This week we’d like to introduce you to Illustrator Jam Dong.
What was the inspiration behind becoming a creator? What do you enjoy most about the creative process?
I believe everyone has something to share, and illustration is the way I communicate with the world. Telling stories is everything! I think there are so many interesting corners on earth that are worth spreading, but they stay unknown and I wish they could be seen and appreciated through my eyes. Every time I start building the imaginary world on a white canvas bit by bit, where everything is possible, I feel so free. And that’s the most enjoyable moment during the creative process.
Can you take us through your creative process? How long does it take? Does everything you produce make money?
Most of my works are children’s books. I write stories and turn them into picture books. So, usually, I begin with the manuscript, then thumbnails and sketches, and finalize the pages with color. It sounds organized, but actually, there is a lot of back and forth. It could take around two years to finish a book, not to mention the idea-generating part behind the scenes. I guess it’s part of being a freelancer that we don’t separate work from life. Even when I’m away from the drawing table, my brain keeps working subconsciously.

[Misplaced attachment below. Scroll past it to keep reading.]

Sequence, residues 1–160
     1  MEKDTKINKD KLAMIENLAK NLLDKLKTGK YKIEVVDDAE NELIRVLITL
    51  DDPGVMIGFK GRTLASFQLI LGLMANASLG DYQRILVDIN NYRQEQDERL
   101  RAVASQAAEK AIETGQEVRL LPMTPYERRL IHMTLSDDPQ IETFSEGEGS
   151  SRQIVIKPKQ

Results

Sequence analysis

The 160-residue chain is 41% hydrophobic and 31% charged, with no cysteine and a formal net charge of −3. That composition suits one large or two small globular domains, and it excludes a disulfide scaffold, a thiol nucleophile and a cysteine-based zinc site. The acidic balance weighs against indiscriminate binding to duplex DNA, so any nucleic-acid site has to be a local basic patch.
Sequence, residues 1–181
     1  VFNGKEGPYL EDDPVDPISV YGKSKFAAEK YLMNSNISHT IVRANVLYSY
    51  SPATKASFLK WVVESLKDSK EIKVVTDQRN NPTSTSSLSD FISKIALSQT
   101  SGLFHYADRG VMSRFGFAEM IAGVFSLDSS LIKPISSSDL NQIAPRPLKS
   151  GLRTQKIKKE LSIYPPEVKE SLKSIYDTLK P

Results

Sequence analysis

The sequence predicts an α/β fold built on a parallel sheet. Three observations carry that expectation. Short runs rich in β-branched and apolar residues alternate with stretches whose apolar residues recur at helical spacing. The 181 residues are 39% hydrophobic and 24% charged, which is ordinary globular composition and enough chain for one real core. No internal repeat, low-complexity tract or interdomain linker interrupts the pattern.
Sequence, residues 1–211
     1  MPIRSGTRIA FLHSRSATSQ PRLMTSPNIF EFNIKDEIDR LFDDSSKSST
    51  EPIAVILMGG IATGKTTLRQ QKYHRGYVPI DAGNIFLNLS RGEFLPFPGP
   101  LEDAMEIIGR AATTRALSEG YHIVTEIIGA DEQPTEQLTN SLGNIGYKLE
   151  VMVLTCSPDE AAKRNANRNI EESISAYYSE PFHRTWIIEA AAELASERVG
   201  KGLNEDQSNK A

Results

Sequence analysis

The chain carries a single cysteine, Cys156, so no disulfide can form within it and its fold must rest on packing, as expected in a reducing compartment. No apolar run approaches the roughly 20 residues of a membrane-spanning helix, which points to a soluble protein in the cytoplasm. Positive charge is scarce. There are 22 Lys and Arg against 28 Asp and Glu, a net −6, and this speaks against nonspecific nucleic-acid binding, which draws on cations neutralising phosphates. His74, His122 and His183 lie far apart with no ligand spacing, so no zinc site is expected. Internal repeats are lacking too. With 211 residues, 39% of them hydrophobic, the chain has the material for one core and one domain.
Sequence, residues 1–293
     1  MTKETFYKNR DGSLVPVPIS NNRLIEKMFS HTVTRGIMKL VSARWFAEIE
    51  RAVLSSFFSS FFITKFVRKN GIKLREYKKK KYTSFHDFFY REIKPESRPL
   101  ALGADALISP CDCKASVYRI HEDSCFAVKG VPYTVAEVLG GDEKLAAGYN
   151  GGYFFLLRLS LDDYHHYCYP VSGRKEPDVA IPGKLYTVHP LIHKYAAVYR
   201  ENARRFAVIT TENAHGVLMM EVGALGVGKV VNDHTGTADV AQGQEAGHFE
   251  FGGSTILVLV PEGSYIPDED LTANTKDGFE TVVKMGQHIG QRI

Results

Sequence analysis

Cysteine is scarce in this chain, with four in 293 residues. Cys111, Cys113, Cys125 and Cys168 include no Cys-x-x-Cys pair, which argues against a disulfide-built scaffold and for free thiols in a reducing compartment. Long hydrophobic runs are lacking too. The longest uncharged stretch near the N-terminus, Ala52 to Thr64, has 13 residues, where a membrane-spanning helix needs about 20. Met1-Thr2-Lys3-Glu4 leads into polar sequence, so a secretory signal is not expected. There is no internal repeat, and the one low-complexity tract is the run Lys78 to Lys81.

Besides the assignments, I also spend quite a good amount of time practicing, experimenting, and self-promoting, which is also an important part of the freelance job that doesn’t bring me any money.
When did you first become aware of copyright, and why?
Probably when I signed my first assignment contract, and I realized that I needed to protect my work with copyright.
What do you do when you encounter someone stealing something you’ve invested your intellect, time, and money into?
I haven’t encountered big copyright issues yet, but I have so many artist friends who have been through such situations. Their illustrations are stolen and printed on iPhone cases, used in a graduation show by an art student, or their products are copied by others but with lower price and quality.
To be honest, as far as I see it, there are no good ways to deal with infringement because a lawsuit is such a huge burden in terms of time, money, and mental health. And the compensation may not be worth the investment. However, with the CASE Act being implemented by the U.S. Copyright Office, things are hopefully going to get much better for independent creators who need to file suit when their works are stolen.
What is the best piece of advice that you would give other creators in your field about copyright and how to protect themselves?
My advice would be to support fellow creators, especially online. For example, when I see a tweet about an artist’s work being stolen, I will retweet it, not only to support the creator but to let more people know about the importance of copyright (especially for those who do work in the creative fields). If more people make the effort to protect copyright, the environment will become more original-friendly and less tolerant of stealing.
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